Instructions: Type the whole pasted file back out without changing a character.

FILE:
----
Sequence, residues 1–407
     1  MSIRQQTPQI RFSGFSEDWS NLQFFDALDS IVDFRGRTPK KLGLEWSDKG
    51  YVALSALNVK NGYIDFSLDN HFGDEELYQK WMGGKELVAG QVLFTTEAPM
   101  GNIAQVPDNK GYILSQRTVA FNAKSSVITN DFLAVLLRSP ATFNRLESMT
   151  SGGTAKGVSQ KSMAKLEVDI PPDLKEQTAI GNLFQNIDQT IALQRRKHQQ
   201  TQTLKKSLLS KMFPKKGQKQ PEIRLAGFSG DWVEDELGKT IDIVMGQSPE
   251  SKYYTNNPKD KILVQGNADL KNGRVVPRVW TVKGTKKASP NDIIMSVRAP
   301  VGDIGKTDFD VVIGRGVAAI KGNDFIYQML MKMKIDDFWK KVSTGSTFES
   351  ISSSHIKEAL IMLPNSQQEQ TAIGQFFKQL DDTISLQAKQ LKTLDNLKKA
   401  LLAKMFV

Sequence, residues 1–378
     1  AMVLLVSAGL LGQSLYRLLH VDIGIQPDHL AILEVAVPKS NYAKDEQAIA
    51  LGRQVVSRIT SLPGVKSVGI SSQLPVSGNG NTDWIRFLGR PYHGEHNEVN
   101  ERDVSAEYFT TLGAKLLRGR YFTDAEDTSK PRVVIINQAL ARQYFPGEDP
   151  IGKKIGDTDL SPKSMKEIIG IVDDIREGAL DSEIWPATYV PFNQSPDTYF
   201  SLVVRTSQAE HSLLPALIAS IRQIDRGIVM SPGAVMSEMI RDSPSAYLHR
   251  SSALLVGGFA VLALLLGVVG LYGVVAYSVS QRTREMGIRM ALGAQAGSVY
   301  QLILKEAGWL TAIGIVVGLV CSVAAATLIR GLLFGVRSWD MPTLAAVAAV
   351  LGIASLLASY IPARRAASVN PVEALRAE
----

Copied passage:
Sequence, residues 1–407
     1  MSIRQQTPQI RFSGFSEDWS NLQFFDALDS IVDFRGRTPK KLGLEWSDKG
    51  YVALSALNVK NGYIDFSLDN HFGDEELYQK WMGGKELVAG QVLFTTEAPM
   101  GNIAQVPDNK GYILSQRTVA FNAKSSVITN DFLAVLLRSP ATFNRLESMT
   151  SGGTAKGVSQ KSMAKLEVDI PPDLKEQTAI GNLFQNIDQT IALQRRKHQQ
   201  TQTLKKSLLS KMFPKKGQKQ PEIRLAGFSG DWVEDELGKT IDIVMGQSPE
   251  SKYYTNNPKD KILVQGNADL KNGRVVPRVW TVKGTKKASP NDIIMSVRAP
   301  VGDIGKTDFD VVIGRGVAAI KGNDFIYQML MKMKIDDFWK KVSTGSTFES
   351  ISSSHIKEAL IMLPNSQQEQ TAIGQFFKQL DDTISLQAKQ LKTLDNLKKA
   401  LLAKMFV

Sequence, residues 1–378
     1  AMVLLVSAGL LGQSLYRLLH VDIGIQPDHL AILEVAVPKS NYAKDEQAIA
    51  LGRQVVSRIT SLPGVKSVGI SSQLPVSGNG NTDWIRFLGR PYHGEHNEVN
   101  ERDVSAEYFT TLGAKLLRGR YFTDAEDTSK PRVVIINQAL ARQYFPGEDP
   151  IGKKIGDTDL SPKSMKEIIG IVDDIREGAL DSEIWPATYV PFNQSPDTYF
   201  SLVVRTSQAE HSLLPALIAS IRQIDRGIVM SPGAVMSEMI RDSPSAYLHR
   251  SSALLVGGFA VLALLLGVVG LYGVVAYSVS QRTREMGIRM ALGAQAGSVY
   301  QLILKEAGWL TAIGIVVGLV CSVAAATLIR GLLFGVRSWD MPTLAAVAAV
   351  LGIASLLASY IPARRAASVN PVEALRAE